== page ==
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Joe Biden Needs To Apologize

The ongoing scandal over Brett Kavanaugh’s confirmation to the Supreme Court brings back echoes of the shameful treatment of Anita Hill during her 1991 testimony at the confirmation hearings for Clarence Thomas. The parallels between the two hearings are a litmus test for how much Washington has progressed in the intervening twenty-seven years.

The biggest disappointment thus far has been Joe Biden, who chaired the Senate Judiciary Committee when Hill testified. Today, with the benefit of nearly three decades of hindsight, the best Biden could do was say that Hill was “vilified” and that “I wish I could’ve done more to prevent those questions, the way they asked them.”

“I wish I could’ve done more,” is doing a lot of heavy lifting in that statement.

Lest we forget, Hill wasn’t just vilified during her testimony; the woman was subjected to a prolonged and brutal campaign aimed to punish her, a campaign best encapsulated by professional smear artist David Brock’s catchy quip about Hill being “a little bit nutty and a little bit slutty.”

Twenty-seven years later, Biden’s efforts at assembling an apology to Hill can best be described as a little bit trying, and a little bit lying.

Biden’s implication that he had done all he could’ve done for Hill is simply untrue. His failure has been exhaustively covered, with the most damning evidence being his decision to not call three additional witnesses who were prepared to corroborate Hill’s assertions about Thomas’ harassment of women. Investigative journalists Jane Mayer and Jill Abramson wrote a book about it, Strange Justice: the Selling of Clarence Thomas, which was a National Book Award finalist.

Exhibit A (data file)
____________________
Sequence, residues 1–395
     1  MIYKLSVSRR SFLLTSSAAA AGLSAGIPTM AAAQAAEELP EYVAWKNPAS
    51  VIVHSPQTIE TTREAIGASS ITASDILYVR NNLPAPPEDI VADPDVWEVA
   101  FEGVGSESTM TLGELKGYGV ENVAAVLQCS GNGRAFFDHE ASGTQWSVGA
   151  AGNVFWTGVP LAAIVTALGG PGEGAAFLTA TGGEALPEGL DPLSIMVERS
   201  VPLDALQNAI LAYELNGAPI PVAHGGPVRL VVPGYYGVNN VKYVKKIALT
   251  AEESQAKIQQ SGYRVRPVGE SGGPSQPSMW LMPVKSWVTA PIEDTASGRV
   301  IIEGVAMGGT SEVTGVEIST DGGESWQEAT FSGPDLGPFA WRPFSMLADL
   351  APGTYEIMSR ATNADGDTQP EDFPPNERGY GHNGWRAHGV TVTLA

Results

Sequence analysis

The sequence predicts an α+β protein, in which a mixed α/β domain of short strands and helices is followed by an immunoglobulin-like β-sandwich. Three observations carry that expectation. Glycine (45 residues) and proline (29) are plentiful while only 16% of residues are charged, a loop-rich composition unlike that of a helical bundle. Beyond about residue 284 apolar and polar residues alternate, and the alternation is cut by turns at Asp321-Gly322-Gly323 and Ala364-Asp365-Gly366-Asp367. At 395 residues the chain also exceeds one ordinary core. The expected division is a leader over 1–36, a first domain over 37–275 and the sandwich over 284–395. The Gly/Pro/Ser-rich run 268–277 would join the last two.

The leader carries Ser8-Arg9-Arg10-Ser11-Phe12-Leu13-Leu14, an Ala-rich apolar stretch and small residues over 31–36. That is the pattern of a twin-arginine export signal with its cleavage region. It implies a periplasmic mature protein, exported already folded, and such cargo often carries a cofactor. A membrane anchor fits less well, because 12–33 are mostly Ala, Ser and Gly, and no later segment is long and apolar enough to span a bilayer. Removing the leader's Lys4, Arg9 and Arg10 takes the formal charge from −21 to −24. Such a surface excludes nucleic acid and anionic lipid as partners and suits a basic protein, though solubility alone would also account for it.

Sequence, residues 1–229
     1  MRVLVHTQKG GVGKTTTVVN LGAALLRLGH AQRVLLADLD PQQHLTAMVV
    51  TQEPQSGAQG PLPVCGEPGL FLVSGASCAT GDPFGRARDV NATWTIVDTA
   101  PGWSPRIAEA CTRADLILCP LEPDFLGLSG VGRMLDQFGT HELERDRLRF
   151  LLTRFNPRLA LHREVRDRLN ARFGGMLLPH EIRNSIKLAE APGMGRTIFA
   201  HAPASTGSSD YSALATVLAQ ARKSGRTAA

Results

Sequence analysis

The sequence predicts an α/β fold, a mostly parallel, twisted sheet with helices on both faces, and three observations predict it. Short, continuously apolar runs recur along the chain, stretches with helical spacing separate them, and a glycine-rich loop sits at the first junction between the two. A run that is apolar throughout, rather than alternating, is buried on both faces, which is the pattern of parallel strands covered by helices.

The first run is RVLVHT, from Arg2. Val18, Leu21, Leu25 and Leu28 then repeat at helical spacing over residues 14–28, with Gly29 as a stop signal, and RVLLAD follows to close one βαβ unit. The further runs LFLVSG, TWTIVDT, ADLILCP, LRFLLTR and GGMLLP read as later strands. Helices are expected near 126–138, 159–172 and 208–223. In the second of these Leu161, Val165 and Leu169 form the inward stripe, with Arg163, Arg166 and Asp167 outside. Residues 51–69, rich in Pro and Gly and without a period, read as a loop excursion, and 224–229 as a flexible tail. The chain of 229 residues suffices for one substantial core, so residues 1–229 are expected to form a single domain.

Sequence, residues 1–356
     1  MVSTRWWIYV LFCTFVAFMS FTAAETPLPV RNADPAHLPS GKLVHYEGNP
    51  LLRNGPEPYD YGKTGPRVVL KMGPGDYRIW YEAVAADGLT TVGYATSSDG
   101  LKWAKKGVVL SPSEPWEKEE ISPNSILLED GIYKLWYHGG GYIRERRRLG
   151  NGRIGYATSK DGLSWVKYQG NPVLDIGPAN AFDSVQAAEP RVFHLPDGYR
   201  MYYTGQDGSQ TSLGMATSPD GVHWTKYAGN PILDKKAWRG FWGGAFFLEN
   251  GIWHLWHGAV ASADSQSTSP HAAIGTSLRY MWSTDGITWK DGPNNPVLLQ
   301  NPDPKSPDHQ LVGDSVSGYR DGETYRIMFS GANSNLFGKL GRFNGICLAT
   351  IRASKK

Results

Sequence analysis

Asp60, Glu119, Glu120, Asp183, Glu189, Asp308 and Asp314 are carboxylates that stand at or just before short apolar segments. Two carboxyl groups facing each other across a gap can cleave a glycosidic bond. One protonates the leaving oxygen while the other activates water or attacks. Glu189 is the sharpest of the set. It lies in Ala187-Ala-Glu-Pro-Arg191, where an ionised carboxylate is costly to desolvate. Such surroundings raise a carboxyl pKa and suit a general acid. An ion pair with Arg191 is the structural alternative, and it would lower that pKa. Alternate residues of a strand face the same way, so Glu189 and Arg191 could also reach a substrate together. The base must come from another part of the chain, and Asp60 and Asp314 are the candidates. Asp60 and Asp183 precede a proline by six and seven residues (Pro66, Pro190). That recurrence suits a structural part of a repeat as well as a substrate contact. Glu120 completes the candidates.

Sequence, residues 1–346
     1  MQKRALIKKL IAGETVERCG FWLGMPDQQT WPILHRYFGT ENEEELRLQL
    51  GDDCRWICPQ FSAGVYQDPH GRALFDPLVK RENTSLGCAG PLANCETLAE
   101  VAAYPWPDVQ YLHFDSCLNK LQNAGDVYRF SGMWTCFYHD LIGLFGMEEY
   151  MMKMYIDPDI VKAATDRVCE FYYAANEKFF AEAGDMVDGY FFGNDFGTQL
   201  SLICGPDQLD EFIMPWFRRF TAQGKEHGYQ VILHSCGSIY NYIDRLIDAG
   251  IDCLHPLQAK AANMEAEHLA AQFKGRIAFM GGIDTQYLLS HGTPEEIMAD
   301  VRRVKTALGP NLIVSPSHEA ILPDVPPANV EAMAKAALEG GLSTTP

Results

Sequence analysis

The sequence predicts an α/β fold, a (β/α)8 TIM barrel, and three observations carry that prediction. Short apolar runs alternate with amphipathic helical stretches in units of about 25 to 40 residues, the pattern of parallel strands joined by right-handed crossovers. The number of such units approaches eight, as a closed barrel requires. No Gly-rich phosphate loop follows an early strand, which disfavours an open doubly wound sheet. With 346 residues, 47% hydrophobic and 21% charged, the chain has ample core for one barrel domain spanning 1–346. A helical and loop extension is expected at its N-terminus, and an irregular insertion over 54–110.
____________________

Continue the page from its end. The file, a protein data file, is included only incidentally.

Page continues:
Biden could’ve done better. He should’ve done better. By implying that he had done all he could for Hill, he’s demonstrating a refusal to accept responsibility, along with a generous dose of historical revisionism.

These are also the go-to defenses of the Donald Trump White House.

It may seem unfair to focus on Biden, who drafted the Violence Against Women Act, spoke eloquently on behalf of the victim of Brock Turner’s Stanford rape, and had long been seen as a champion of women. Biden’s certainly far from being the worst threat to women, and appears to genuinely support women’s rights.

But that’s precisely why his actions here matter.

The seminal moment in most social justice movements comes not from far left progressives, not from conservatives, but from the center left, the ones who are generally supportive, but may not be willing to put themselves out there for a cause.

Feminists don’t need to shift; they’re already in the vanguard of women’s rights. And no one expects Trump and his supporters to have an epiphany. But Biden, who’s perfectly positioned between the Thomas and Kavanaugh hearings, can have immense impact, by rising to the occasion and doing what Hill insists he has never done before: saying sorry.

It’s an extraordinary opportunity for a bit of reconciliation at a moment when the country sure could use it.

For the past three years, it feels as if America had turned itself into a stifling crockpot, with endless accusations, counter accusations, sick burns and whatabouts stewing and swirling with each turn of the news cycle.

Biden could crack open a little ventilation window simply by apologizing to Hill without tossing in disingenuous addenda.

It’d be on brand, too: Biden’s long been portrayed as a simple, decent guy. “I’m sorry, I should’ve done more,” sure seems like a simple, decent thing to say.

Lev Golinkin is the author of “A Backpack, a Bear, and Eight Crates of Vodka.”

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